They were issued and sold all over Australia in two attractive miniature sheets. Australia Post also announced that these miniature sheets would be available at Australia 99 with a very well publicized twist.
These special items would be hand perforated at the Exhibition it was stated. The announcement was duly made that 15,000 sets of 6 stamps, i.e. 15,000 pairs of the imperforate miniature sheets would be able to be hand perforated at the show. The imperforate miniature sheets were printed at the Exhibition on a huge Heidelberg Speedmaster printing press.
For facilitate the perfin experiment, Australia Post issued a small quantity of these miniature sheets totally imperforate. This was a world first for Australia Post, i.e making available for legal sale a fully imperforate version of a miniature sheet which would otherwise be sold regularly perforated.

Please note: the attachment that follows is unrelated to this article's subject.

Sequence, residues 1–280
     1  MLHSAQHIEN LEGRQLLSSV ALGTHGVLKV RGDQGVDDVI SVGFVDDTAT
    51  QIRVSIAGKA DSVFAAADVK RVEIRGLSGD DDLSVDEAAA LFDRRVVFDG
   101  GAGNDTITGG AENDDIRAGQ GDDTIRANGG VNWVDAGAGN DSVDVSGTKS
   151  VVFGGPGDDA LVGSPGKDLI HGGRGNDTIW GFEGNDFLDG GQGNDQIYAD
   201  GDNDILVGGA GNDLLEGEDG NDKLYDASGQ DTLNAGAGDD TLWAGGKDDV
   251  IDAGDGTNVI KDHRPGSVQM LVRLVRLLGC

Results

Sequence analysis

I do not know how many of these special imperforate miniature sheets that were sold, but it was certainly a small fraction of that produced for the perforated version.
Collectors and dealers were only able to purchase the fully imperforate versions at Australia 99, and also for a limited time by mail order. I know that certainly as of late April when I placed an order for a quantity for stock I received a reply by fax from the Australia Post manager of wholesale sales saying the items were sold out as of that date.